Tips to Help Family Caregivers Save Both Time and Money
Last updated:August 31, 2009
How often does it occur to you that saving time and saving money are two sides of the same thing -- several times a day, right? The more time we spend caring for our parents and other elderly family members, the more deeply it cuts into our ability to work and earn an income. As summer turns to fall, kids go back to school, and work ramps back up from the August lull, caregivers get stretched even thinner. It's the perfect time to try some relatively simple strategies that could reduce your caregiving burden.
Driving someone to appointments, events, and on shopping trips probably makes up a significant part of your to-do list. Some alternatives:
"¢ Help your parent or other family member to convert to public transportation. Senior citizen fares on busses, trains, and subways can add up to big savings with today's gas prices. Not to mention time-savings. Of course, this is a lifestyle change for many seniors, and you may have to do some confidence-building. What I did: Got my mom a route map and schedule, and helped her figure out simple routes and times that could be used to accomplish common errands. I also got her a cell phone on my family plan so she could call me if she missed the bus or got stranded.
"¢ Car-pool with other seniors. If your parent belongs to a church or synagogue or uses a local senior center, talk to the folks there about car-pooling or van transit opportunities to events, shopping, and other venues.
"¢ Sign up with senior transportation services. These are area-specific, but with a couple of calls you can find out what's available where you live. Start with your Area Agency on Aging and the National Transit Hotline, which provides the names of local transit providers who receive federal money to provide transportation to the elderly and people with disabilities; the toll-free number is (800)527-8279. The good news is, many of these are door-to-door services.
2. Food and Supplies.
Grocery shopping and errands are another time-suck. Instead:
"¢ Order home-delivered groceries. Most major grocery store chains offer home delivery via the phone or internet. Save on gas, and minimize shopping hassles. Search the internet, using your parents' town and the name of the stores they use. Many pharmacies deliver now as well.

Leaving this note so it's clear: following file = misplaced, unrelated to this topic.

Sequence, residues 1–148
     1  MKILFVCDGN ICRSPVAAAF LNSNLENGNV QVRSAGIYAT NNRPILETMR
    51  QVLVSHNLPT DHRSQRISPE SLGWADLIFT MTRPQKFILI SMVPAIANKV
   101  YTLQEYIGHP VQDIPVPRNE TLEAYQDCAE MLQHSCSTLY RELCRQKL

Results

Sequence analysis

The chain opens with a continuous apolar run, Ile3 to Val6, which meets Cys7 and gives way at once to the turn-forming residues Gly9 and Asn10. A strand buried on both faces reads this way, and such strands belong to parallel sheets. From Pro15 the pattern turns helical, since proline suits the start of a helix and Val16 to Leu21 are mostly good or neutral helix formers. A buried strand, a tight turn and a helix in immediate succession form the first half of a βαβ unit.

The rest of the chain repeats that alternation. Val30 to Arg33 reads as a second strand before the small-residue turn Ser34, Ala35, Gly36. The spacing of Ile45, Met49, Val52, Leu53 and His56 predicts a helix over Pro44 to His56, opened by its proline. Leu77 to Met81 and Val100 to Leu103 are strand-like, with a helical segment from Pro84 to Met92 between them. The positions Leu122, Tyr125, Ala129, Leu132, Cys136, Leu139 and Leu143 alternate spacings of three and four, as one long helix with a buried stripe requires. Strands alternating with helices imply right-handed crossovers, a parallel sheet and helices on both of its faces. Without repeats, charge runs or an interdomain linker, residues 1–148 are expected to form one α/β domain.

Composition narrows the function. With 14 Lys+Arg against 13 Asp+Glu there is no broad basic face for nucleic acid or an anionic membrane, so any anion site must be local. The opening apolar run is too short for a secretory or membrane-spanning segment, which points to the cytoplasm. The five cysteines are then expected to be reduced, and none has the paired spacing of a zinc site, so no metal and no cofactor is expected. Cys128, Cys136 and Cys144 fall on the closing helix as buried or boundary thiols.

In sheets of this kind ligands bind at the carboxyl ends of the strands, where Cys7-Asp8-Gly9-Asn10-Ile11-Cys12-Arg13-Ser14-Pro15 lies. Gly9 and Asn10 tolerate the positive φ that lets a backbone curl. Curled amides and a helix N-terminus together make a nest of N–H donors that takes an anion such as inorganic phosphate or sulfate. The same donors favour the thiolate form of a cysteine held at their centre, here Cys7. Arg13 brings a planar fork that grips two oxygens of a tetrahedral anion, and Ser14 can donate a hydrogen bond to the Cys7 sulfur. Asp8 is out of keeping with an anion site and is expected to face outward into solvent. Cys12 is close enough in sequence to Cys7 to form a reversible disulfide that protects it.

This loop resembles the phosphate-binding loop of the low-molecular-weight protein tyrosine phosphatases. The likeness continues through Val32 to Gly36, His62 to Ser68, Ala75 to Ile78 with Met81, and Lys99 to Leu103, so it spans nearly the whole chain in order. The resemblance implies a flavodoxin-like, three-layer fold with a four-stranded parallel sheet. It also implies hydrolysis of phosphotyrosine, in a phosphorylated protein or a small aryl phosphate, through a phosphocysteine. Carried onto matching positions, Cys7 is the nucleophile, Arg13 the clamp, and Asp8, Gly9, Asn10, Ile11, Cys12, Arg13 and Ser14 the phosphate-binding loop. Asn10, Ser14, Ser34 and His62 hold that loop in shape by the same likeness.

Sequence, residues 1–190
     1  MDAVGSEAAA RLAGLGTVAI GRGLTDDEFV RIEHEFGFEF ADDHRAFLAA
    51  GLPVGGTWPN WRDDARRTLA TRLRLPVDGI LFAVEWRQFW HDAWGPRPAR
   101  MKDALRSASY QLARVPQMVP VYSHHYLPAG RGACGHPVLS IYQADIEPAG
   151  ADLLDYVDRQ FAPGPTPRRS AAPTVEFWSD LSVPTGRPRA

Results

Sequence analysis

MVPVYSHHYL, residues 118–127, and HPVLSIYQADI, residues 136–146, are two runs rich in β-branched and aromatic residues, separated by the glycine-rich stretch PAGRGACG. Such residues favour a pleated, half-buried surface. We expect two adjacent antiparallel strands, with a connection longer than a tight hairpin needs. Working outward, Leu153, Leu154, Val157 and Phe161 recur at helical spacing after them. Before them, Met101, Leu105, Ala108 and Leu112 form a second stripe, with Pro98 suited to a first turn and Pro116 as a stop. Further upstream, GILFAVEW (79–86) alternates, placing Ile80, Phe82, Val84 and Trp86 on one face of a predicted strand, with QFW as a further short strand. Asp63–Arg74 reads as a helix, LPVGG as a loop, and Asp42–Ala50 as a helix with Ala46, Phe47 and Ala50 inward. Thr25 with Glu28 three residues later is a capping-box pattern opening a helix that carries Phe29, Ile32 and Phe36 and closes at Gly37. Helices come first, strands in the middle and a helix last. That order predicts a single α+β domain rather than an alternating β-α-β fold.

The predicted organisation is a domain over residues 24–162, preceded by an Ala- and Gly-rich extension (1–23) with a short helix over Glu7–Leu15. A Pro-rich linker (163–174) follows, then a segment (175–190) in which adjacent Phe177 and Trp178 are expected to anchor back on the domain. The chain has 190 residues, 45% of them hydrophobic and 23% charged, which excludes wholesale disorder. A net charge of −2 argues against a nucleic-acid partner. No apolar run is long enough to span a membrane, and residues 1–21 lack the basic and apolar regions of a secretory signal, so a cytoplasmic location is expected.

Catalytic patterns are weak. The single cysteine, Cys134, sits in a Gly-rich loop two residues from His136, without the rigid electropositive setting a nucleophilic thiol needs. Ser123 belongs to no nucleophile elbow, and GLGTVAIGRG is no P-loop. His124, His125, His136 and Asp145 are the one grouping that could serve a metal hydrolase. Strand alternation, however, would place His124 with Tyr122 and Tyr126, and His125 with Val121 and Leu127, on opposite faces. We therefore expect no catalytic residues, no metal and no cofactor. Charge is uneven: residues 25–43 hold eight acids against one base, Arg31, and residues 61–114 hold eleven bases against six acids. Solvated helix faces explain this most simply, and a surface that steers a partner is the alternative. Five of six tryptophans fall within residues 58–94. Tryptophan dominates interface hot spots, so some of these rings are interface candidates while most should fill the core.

"¢ Apply for discount food delivery. If your parent lives alone and is on a fixed income, investigate whether there are local services in your area that deliver groceries to seniors at a discount, or even free. In the central and southeast United States, the charity Angel Food Ministries offers once-a-month delivery of $60 boxes of groceries for $30 to anyone on a fixed income.
3. Talk to Medical Staff About Cost and Transportation Issues. Let your family member's doctor and the rest of the medical staff know that you're caring for your aging loved one and that everyone is on a limited budget. Explain that when possible, cost, scheduling, and transportation issues need to be taken into account. When I did this, it turned out there was a new clinic closer to a bus line where my mother could access services such as lab tests, eye care, and physical therapy.
Often the doctor can help you choose medications that are less expensive and can help you prioritize among health care treatments, advising you on which ones can be safely delayed. Depending on the type of insurance you're dealing with, doctors can also tell you about public health settings where you may be able to obtain certain health services at a lower cost.
Most importantly, don't be embarrassed or ashamed to let those around you know that money's an issue and time is tight. These are hard times, and many of us are in the same boat. When you tell others you're strapped for time and cash, it's like opening a door. You'll be surprised how much people are willing and eager to help, once you let them in.
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